#1
Heres the thing,

mondays round my area has this band get together where we all peeps come to jam and watever they want.
they have these marshalls, not great but good enuff. they had their PA system stolen reli soo we decided to put it through a marshall and turn gain and everything down. to cut a long story short it kinda caught fire.

At which point this twat says bout it being (and i quote) 'the first rule in music not to put vocals into a guitar amp'. not i dont kno everything bout everything but this sounds total bollocks to me.

I wanna kno for the geniuses of UG, is this true or can ya put vocals into a normal amp with no probs??

Thanks
#2
Not bollocks. A guitar amp doesn't have the frequency range for vocals and will muddy them up. My wife uses a Gorilla GC-25 at the piano to sing with and it works ok. But I played a backing track from the GNX4 into a Fender Pro Jr and the vocals were so muddy you could hardly make them out. Won't hurt to try and if you have a modeling amp and use a preamp then into the aux in that would give the best results. Just go try it if you want a real answer.
#3
Well, in my first band, our vocalist used to run his voice through a little 5 watt Carlo-Robelli "Acoustic Guitar Amplifier" amp for the first several months till we finally got a PA system. That amp survived all his screaming pretty well.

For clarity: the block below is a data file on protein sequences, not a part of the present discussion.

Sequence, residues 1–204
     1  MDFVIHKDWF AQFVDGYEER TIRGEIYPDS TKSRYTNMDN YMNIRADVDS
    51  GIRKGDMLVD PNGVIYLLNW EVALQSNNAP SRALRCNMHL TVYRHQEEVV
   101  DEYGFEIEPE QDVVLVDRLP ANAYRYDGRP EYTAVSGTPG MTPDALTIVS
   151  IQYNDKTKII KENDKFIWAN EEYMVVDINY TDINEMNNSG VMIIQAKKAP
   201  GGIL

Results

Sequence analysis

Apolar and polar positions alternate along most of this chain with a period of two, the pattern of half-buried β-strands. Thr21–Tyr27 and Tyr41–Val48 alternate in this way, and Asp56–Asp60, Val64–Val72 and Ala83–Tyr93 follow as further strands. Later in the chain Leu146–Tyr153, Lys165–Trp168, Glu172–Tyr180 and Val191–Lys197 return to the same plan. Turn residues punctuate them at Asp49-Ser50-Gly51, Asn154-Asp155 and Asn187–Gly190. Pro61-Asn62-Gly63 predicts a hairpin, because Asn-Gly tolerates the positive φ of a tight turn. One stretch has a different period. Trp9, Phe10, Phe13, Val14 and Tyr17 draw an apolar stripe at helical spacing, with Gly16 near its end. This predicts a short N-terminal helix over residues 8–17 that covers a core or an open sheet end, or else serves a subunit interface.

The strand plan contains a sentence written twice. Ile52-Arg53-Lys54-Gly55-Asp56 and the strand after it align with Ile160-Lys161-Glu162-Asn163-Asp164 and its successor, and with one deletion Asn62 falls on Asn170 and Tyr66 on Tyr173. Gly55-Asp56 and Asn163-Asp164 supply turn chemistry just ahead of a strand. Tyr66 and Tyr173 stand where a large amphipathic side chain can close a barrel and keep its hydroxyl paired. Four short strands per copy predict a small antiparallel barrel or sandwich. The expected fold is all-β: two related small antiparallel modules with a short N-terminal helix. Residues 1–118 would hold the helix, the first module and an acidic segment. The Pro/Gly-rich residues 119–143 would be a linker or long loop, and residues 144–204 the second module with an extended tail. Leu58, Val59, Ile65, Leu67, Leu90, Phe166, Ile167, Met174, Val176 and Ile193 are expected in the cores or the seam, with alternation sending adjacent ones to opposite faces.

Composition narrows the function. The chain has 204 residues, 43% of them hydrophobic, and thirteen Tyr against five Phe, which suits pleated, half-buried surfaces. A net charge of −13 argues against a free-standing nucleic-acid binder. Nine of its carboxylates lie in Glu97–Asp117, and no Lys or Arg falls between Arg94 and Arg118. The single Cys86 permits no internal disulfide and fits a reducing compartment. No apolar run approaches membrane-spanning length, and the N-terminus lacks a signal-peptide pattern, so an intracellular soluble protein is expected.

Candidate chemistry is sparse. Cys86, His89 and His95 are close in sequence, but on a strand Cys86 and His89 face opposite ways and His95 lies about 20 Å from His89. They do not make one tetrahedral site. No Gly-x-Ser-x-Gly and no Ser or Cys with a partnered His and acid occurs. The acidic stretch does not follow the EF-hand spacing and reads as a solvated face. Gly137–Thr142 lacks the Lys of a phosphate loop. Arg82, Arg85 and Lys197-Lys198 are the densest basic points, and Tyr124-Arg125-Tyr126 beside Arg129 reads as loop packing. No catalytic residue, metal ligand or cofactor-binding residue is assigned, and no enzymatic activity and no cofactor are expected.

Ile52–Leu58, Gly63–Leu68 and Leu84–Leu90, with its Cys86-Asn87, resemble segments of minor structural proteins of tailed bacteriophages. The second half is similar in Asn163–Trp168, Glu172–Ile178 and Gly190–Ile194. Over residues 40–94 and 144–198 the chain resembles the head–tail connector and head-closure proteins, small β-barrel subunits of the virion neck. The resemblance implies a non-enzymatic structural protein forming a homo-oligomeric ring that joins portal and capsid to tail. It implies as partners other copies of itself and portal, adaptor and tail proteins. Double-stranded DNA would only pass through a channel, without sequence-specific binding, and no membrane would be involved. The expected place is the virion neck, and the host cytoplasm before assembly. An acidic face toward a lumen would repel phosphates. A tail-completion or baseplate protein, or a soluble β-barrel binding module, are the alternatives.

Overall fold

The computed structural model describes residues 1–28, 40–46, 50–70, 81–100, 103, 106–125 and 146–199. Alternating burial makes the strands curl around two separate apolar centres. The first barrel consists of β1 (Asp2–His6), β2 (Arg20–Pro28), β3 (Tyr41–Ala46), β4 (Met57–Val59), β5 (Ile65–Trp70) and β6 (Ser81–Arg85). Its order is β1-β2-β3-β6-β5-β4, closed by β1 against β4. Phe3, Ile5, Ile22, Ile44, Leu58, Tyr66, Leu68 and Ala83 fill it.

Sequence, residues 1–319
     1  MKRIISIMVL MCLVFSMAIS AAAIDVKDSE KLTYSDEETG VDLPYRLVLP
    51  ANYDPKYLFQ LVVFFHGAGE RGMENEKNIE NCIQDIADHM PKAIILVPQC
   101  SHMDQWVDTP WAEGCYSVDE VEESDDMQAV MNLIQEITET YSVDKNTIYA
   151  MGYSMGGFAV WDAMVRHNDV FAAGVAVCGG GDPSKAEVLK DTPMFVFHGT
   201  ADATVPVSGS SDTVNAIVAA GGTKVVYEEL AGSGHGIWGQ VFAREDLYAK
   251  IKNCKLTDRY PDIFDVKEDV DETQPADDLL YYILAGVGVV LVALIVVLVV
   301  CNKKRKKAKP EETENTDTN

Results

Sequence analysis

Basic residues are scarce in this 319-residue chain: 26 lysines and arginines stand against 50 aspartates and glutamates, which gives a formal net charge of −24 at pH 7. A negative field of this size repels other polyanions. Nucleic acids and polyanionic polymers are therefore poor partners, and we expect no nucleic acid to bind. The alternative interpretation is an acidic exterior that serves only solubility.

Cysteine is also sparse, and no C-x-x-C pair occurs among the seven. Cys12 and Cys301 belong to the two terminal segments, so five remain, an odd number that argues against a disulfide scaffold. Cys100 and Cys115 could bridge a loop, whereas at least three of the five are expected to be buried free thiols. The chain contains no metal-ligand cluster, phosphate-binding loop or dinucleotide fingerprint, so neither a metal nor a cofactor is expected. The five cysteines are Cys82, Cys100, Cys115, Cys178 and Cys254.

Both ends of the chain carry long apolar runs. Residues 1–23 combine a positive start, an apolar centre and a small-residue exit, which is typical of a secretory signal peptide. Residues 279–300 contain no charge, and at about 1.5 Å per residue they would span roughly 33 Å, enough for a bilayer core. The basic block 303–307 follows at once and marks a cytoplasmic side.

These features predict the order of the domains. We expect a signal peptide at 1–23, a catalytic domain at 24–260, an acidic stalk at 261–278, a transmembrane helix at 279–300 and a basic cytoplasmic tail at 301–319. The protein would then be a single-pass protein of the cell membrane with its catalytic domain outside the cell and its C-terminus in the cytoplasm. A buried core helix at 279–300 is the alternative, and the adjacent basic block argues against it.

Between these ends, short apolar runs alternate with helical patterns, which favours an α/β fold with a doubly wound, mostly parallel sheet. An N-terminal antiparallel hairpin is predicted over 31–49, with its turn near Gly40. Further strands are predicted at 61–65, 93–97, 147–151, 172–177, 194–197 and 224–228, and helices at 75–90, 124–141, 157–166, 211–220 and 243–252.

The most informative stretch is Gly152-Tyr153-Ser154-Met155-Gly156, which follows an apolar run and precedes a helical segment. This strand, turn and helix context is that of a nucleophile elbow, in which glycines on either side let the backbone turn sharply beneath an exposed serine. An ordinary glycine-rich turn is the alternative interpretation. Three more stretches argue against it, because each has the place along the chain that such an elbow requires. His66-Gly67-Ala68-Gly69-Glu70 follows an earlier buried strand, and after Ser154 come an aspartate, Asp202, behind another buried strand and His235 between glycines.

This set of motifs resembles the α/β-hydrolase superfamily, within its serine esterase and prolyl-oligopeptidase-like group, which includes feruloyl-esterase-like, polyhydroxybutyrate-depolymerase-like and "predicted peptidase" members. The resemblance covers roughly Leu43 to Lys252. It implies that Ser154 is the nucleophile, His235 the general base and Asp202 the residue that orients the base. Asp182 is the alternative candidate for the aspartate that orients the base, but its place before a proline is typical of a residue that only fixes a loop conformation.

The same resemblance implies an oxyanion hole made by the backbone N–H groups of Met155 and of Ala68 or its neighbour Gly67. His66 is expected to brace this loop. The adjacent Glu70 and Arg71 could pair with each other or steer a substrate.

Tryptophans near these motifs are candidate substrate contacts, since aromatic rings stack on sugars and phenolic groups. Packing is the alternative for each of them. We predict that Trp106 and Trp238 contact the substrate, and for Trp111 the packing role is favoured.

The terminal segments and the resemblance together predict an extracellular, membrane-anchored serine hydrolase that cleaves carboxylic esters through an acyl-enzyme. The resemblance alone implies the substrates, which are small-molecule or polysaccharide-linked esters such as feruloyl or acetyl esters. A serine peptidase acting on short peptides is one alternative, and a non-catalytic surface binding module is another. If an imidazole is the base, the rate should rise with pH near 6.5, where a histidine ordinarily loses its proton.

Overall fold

I never heard about the vocals into a guitar amp thing though, the thing I heard about was not running a bass guitar through a regular guitar cabinet at loud volumes (loud volumes being key) as it would melt the voice coils.

I blew up a guitar amp with a guitar before myself....

Fender Jag-stang with EMG pickups through a Gorilla GC-25 practice amp. My rhythm guitarist had a 75 watt Peavey combo, our other guitarist had a Randall 75 watt combo, no drummer that time, and I was stuck with the Gorilla because we could not fit my amp into the Rhythm guitarist's car (Epiphone 30 watt combo). Anyway, we were 15 minutes in, I could not hear myself well, and what I could hear sounded like crap. Anyway, mid song #5....everyone's screaming at me to stop....I turn around, the Gorilla is literally smoking from the voice coil and the electronics area, yet still capable of playing. The entire electronics panel that was made of metal was too hot to touch, and the voice coil burned my fingertip when I licked it and touched it. EMGs + practice amp up all the way = kill your practice amp.
My Current Mains
- 1996 Fender Jag-Stang with EMG Pickups
- 1998 Fender Jaguar with Cool Rails
- 1982 Hondo Paul Dean II (DiMarzio Super II X2)
- 2010 "Fender" Jazzmaster (Home built)
- 2013 Squier VM Bass VI (stock)
Last edited by Mad-Mike_J83 at Oct 5, 2009,
#4
If the amp doesn't have an XLR input then its not safe to run a mic into it. If an XLR plug is plugged into an instrument jack using a converter then its not grounded properly (or something along those lines, I forget the exact details) and it can damage your amp.

Not to mention, amps without XLR inputs aren't going to have speakers that are equipped to handle vocal frequencies. Amps that do have XLR inputs have speakers that can handle the frequencies and are equipped with tweeters (and sometimes horns).